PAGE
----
On Sept. 30, the YS-11, a twin turbojet passenger plane, made its last domestic flight — from Okinoerabu Island to Kagoshima. It was retirement day for the aircraft that holds a special place in the history of Japan’s aircraft manufacturing industry.

Occupation authorities had prohibited aircraft manufacturing through 1952, putting Japan at a technological disadvantage. In 1956, engineers who had designed famous warplanes such as the Zero fighter (Zeke) and the Hien fighter (Tony) started designing Japan’s first passenger plane of the postwar years.

The government and private sectors jointly developed the YS-11 with about 60 seats, a length of 26 meters and a wingspan of 32 meters. It made its first flight in 1962. Engineers overcame weak points such as low stability and steering problems. A total of 182 YS-11s were manufactured by 1973.

Its sturdy structure and relatively short takeoff and landing needs lent the plane to the service of remote islands and regional cities. Although nearly 80 YS-11s were exported, Japan Air Commuter Co. decided to stop flying YS-11s after it became apparent that a revision of the Aviation Law requiring installation of a midair collision-avoidance system, beginning in 2007, would make further use of the aircraft unprofitable.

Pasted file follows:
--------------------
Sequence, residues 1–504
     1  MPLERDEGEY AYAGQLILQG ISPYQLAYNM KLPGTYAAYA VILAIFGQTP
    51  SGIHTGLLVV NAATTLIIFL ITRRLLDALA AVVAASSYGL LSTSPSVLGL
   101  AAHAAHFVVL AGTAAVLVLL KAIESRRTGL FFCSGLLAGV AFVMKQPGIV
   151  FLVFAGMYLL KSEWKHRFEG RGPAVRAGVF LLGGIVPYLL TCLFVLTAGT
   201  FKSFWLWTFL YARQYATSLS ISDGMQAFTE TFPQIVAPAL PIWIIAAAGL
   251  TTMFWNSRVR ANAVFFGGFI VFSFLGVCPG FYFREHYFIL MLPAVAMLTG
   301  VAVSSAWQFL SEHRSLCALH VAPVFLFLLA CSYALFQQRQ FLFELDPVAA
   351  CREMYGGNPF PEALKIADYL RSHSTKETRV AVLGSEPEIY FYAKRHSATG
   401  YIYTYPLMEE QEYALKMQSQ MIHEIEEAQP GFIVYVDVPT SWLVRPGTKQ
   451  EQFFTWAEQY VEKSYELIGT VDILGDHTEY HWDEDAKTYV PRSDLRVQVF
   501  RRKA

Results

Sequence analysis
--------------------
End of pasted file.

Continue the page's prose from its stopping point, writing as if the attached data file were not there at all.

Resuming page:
The YS-11 was a commercial failure since Japan had little experience selling aircraft overseas. Sales of the aircraft incurred an accumulated deficit of 36 billion yen. Yet the experience of developing and maintaining the YS-11 helped raise the levels of technology for Japanese aircraft makers. At present, they supply wing and fuselage components for key aircraft of Being Co. and Airbus SAS.

To further upgrade Japan’s aircraft manufacturing industry, the government and Mitsubishi Heavy Industries Ltd. are developing the MJ regional jet airliner with 70 to 90 seats, with the expectation that the aircraft will go into service in 2012. Up to 4,000 aircraft of the same type are expected to be in demand worldwide. But competition should be tough.

A dedicated effort by both the government and private sectors will be necessary to make the planned aircraft successful both technologically and commercially.

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